The threat of malware, ranging from viruses and trojans to backdoors and spyware, is a genuine concern that extends beyond online casinos. 

Malware can be delivered through various means, such as embedded in downloaded apps or email attachments. While there are numerous types of malware, they generally fall into a few main categories.

Online Casino Bonus Scams

Phishing Scams

These emails notify you about fake issues with your bank or credit card account. 

They often incorporate logos and language from real bank communications to make you believe they are authentic. 

They usually include a link for you to click on to "fix your problem." As the saying goes: "Don't click on it."


Ransomware is the most deserving of our fear and disgust. A harmful software is sent to your computer and, at a specific time, it becomes active, usually freezing all other activities on the computer. 

It seizes your files and applications, while displaying messages that threaten to delete or damage all data on the device (or even on your entire network) unless the ransom demands are fulfilled.


Backdoors are the most common form of this kind of malicious software. They are essentially secret or concealed entry points for external individuals to access the private areas of your computer or mobile device. 

This can lead to the extraction of sensitive personal data, and the installation of keyloggers, which are programs that record every keystroke, including passwords.

That information can either be used by the thief or, worse, sold to a third party, muddying the waters and making it impossible to track down the culprits.

Malware is a widespread issue across the internet, not limited to the online casino sector. However, I mention it here as a potential threat from scammers in the internet casino industry because there is a higher chance of encountering spyware from a site that already has software on your computer, compared to a site with which you have had no interaction.

Bogus Casino Apps

Legitimate online gambling sites offer a proprietary app to play their games or use their sports and racebooks. These can be trusted.

But there are plenty of maligned casino apps –usually trying very hard to look like the legitimate ones—available from the app stores run by Apple and Google.

These apps are generally pretty easy to spot since the reviews are full of one or two-word reviews like “SCAM!” and “Don’t download!”

Rigged Casino Games

These casino scams aren’t hidden. The online casino might have their appallingly unfair payout schedule buried somewhere in their site map, and you might even find it provided you are diligent and persistent.

And that’s part of the problem. One of the toughest things about identifying rigged games at online casinos is the sheer difficulty of first determining the rigged game and, second, proving it.

We all know the house has the advantage (and if you’re not already aware of this, perhaps gambling is not for you). We accept that because we think we can win anyway. Hey, we’re human beings.

And variance—that event horizon between house advantage and lucky streak—says we’ve got a shot, which is all we want.

There are as many ways to rig a game online as there are games themselves. Here are a few of the most prevalent.


The rigging can be pretty subtle. The near-miss is a way to encourage players to continue playing, despite losing consistently. The winning combination on a slot machine—flaming sevens—comes up with the first two flaming sevens in the winning position (centerline) and the third slightly above or below the centerline.

So close, you say with a shake of your head and hit the spin button again. The Nevada Gaming Commission has admitted that while these near-miss situations on slot machines can seem deceptive, they are too prevalent to be outlawed.

However, they outlaw “secondary decision” spins that deceptively suggested a win was just a nudge away.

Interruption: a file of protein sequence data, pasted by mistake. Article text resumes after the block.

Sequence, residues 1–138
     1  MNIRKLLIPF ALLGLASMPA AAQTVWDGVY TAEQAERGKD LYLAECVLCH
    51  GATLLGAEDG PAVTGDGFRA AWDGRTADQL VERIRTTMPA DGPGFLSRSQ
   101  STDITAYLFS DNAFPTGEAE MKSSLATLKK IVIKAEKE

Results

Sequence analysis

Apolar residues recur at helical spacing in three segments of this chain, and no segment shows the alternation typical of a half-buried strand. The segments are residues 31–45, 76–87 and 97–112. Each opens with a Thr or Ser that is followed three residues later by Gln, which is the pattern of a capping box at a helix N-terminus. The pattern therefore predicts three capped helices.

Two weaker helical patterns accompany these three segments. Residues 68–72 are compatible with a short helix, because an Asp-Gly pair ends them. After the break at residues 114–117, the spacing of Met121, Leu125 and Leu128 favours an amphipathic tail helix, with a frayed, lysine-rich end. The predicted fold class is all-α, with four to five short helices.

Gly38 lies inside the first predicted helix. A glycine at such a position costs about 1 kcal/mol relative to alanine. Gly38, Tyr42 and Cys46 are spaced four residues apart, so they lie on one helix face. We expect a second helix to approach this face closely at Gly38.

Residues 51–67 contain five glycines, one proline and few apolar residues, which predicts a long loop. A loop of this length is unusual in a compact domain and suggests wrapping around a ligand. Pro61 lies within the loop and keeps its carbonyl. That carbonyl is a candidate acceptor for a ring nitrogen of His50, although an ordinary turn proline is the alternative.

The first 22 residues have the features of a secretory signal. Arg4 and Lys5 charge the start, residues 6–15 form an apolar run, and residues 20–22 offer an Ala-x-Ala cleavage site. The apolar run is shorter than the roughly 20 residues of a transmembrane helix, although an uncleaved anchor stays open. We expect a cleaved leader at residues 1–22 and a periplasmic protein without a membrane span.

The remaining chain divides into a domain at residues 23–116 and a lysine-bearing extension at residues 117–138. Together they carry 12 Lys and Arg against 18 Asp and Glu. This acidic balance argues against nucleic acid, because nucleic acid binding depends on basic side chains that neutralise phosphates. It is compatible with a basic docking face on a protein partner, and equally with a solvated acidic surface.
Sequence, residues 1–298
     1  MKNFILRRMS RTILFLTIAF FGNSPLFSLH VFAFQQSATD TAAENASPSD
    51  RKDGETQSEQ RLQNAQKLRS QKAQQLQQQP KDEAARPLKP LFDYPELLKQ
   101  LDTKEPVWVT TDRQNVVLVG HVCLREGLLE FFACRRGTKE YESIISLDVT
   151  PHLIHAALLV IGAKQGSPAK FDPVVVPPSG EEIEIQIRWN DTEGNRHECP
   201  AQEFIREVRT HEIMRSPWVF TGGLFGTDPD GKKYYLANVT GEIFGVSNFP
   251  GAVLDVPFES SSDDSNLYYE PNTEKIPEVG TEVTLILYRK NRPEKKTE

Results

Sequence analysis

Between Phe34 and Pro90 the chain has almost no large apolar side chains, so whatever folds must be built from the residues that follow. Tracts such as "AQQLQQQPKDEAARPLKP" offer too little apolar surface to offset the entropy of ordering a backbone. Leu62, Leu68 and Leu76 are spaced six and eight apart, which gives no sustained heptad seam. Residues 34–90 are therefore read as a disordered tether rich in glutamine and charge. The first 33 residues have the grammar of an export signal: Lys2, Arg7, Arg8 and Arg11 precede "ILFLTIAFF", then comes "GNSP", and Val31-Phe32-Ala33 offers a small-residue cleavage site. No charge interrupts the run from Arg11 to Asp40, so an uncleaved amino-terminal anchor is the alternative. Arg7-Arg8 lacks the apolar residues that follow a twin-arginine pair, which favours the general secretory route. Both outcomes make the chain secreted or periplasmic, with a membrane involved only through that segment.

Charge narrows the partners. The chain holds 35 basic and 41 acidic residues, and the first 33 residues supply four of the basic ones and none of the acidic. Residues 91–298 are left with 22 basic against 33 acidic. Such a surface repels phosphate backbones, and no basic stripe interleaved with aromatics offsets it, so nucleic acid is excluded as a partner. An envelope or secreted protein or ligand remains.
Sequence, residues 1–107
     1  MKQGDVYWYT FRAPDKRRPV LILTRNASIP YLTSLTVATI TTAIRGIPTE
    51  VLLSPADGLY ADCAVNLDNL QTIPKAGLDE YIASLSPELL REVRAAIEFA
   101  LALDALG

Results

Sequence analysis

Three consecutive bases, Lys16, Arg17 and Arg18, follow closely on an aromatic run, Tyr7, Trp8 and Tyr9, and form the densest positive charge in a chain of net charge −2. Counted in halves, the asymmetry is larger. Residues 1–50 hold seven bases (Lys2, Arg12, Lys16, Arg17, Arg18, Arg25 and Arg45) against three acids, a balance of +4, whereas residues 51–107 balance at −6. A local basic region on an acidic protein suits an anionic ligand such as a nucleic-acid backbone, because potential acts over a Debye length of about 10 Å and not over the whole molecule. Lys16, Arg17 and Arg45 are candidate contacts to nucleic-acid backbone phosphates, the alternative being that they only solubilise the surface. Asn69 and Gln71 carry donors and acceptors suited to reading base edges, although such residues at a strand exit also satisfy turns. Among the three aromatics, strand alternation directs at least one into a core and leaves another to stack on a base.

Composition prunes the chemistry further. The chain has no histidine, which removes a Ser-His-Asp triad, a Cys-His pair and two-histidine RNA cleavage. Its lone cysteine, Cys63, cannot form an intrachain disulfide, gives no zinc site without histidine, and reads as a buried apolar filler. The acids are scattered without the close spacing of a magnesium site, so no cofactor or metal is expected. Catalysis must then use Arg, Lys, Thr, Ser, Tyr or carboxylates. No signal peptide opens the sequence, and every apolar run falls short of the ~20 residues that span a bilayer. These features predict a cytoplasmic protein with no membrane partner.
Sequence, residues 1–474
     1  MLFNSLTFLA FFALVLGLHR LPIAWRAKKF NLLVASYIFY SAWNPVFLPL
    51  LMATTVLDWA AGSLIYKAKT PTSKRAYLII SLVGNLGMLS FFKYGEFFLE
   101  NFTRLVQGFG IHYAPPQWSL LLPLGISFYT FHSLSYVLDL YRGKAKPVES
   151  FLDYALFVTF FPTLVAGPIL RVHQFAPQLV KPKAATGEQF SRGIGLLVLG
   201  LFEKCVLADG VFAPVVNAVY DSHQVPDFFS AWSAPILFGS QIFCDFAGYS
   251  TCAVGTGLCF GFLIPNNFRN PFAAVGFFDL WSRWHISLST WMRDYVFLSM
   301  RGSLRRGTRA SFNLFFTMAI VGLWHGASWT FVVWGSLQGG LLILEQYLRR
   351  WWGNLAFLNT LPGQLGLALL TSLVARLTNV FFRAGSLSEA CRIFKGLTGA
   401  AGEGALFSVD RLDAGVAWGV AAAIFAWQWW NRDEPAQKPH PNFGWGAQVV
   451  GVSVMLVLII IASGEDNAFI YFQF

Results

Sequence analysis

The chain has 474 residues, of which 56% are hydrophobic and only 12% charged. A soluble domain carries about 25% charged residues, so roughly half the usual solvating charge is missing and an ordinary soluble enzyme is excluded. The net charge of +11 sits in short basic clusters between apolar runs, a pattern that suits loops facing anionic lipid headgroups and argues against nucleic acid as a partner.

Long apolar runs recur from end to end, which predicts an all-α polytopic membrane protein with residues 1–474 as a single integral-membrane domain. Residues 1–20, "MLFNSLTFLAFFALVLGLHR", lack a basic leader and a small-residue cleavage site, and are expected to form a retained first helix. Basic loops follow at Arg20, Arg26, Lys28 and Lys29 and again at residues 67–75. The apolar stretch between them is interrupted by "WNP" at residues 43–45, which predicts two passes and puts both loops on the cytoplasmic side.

Insider Collusion

If you were around the online gambling world in the early 2000s, you have heard of the insider collusion that scandalized the world of online poker playing.

You can easily find information about the eventual insolvency of Absolute Poker. Still, the short story is this: In 2007, the online poker room employees colluded to cheat players during a tournament, with one employee playing and the other feeding him information about his competitors’ cards.

RNG Manipulation

One way shady online casinos skim money from their patrons is by manipulating the random-number generators responsible for the results of every card dealt, every wheel spun, and every keno number hit.

Online casinos use random number generators—or, to be more specific, they use pseudo-random number generators—to produce the results for every game.

If you want to know the difference between pseudorandom and actual random number generation, here’s a fascinating article about just that. The short story is that PRNGs are pretty efficient and dependable for online and real-world gambling devices.

But RNG can be faked—and quite quickly when everything takes place behind the anonymizing curtain of the Internet.

Incidentally, we’ve already looked and learned how to identify them.

What Is the Worst Online Casino Scam?

I know what you’re thinking: OMG! What could be worse than all the horror stories you’ve already told me? The quick answer is that the worst online casino scam is the one you got taken in by.

And I agree. You have my sympathy.

So, to avoid becoming just another virtual chalk outline in the internet’s ongoing war with online casinos scams, remember this: Despite the apparent ease with which you can be parted with your money, your winnings, and your very identity, these online casino scammers are very easy to thwart.

So, my final answer to your question is straightforward.


Deal with legitimate online casinos. Full stop.

This is the way to combat concerted attempts to steal money and information. It has the benefit of ensuring you’re not dealing with online casinos that lose track of your money through sloth or even mismanagement.

Legitimate online casinos have vast amounts of money invested in simply getting certified and licensed to operate in your state, province, and country.

And why is that important? Because certification and licensure mean that the online casino must operate according to very specific gaming regulations of your state, province, or country.

We here at GamblingSites.com have several sources you can use to start vetting your prospective online casinos. Of course, I already mentioned our blacklist, but to save you the long scroll upward, there it is again.

And now, here’s our curated list of safe online casinos.